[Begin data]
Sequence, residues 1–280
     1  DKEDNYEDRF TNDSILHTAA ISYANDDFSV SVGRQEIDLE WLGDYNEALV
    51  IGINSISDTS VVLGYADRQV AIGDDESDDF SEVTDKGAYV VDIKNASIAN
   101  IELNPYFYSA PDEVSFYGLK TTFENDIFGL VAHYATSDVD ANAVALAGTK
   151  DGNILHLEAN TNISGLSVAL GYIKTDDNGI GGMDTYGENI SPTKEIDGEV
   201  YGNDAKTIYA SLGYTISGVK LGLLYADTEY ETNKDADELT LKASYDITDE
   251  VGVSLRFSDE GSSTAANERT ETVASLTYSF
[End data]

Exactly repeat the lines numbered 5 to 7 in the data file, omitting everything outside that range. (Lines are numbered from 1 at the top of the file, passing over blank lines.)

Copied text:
   151  DGNILHLEAN TNISGLSVAL GYIKTDDNGI GGMDTYGENI SPTKEIDGEV
   201  YGNDAKTIYA SLGYTISGVK LGLLYADTEY ETNKDADELT LKASYDITDE
   251  VGVSLRFSDE GSSTAANERT ETVASLTYSF